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They say a picture is worth a thousand words. This is particularly true for manufacturers when it comes to process mining, an analytics application that offers a view into business processes.
"What we do is provide X-ray pictures," said Lars Reinkemeyer, head of global process mining services at Siemens AG. "We used to not have tools to get transparency [into] these big volumes of data. Now, we wonder why we'd never looked into process efficiency before."
The German manufacturing conglomerate, which produces systems and components for the industrial automation, healthcare, energy, building and transportation markets, used to have little visibility into the efficiency of its internal processes. So, two years ago, it started collecting and analyzing ERP data to try to identify bottlenecks in production, delivery and payment processes.
It all starts with Siemens' 70 SAP ERP systems. They tie into processes that track things such as supplier information, the movement of parts throughout the company's manufacturing operations, and billing and payment. Eventually, the ERP data is fed into an SAP HANA database and Reinkemeyer and his team analyze it using a process intelligence tool from Celonis, a software vendor based in Munich.
Process mining software replaces manual tracking
Before implementing the HANA-based system in 2014, Siemens managed its business processes manually. Individual supervisors were responsible for keeping particular processes on track, but when things didn't go according to schedule -- say, when a shipment of parts came in late or when a machine broke down, stalling production -- there was little visibility into how that affected overall operations.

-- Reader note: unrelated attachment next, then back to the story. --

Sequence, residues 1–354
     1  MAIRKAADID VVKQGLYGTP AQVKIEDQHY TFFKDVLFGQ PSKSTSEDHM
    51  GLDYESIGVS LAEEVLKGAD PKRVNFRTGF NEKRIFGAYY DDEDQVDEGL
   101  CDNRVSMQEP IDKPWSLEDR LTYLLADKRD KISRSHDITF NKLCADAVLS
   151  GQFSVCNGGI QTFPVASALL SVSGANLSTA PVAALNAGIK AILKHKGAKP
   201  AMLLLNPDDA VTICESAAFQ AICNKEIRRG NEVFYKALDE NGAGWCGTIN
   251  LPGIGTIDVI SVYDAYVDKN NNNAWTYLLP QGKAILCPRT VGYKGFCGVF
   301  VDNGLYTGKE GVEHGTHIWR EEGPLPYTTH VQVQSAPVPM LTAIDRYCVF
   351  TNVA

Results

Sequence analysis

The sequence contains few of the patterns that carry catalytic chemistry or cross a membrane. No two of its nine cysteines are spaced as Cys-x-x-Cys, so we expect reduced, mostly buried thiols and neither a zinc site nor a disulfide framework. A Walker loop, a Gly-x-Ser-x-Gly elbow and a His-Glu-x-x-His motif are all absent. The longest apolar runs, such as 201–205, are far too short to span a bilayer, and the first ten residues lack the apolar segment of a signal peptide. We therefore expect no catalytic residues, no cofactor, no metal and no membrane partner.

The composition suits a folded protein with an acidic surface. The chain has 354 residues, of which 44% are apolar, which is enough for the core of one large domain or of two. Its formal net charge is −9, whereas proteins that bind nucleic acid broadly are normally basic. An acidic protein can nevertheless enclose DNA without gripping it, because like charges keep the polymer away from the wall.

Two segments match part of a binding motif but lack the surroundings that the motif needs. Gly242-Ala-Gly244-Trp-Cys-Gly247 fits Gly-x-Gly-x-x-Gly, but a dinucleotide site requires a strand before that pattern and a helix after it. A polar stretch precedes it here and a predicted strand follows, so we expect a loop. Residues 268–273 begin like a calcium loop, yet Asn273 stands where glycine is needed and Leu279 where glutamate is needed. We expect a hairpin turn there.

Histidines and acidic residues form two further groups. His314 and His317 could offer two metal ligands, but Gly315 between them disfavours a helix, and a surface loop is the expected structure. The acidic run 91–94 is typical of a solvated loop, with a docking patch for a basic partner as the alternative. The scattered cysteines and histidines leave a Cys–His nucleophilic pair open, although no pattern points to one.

"Prior to this, people were looking into single processes and trying to understand how [they] impacted how other things were going," Reinkemeyer said. "What we're doing now gives us transparency."
Reinkemeyer said he thinks this new transparency is a big improvement on how things were run in the past, but not everyone at Siemens agreed -- at least not initially. He said there was pushback from some managers who had been in their roles for a long time and thought they knew how to handle processes efficiently.
Change management critical for success
Much like with medical X-rays, some people might want all of the information that's available about processes, while others might prefer to avoid hearing bad news, according to Reinkemeyer.
"The point is about change management and the willingness to look into this new big data approach," he said. "There are certain business managers who are saying, 'We've done it for years. It's all running fine.' But we have an increasing number of people who are recognizing that this is a new approach."
Reinkemeyer said he has had luck driving analytics adoption among business managers by identifying the individuals who have been receptive to the new approach and tapping them to help evangelize the technology. Also, since the process mining software was installed, some lines of business that are using it have seen operational improvements. So far, the automated process monitoring has helped Siemens identify slowdowns in parts procurement, late deliveries of products and billing inefficiencies that were costing the company millions of dollars.
Word has spread, and adoption is ticking up. And with such improvements becoming more apparent internally, Reinkemeyer expects everyone to eventually see the benefits of adopting the new tools. "It's really about finding the right people in the business departments who are willing to improve their processes," he said.
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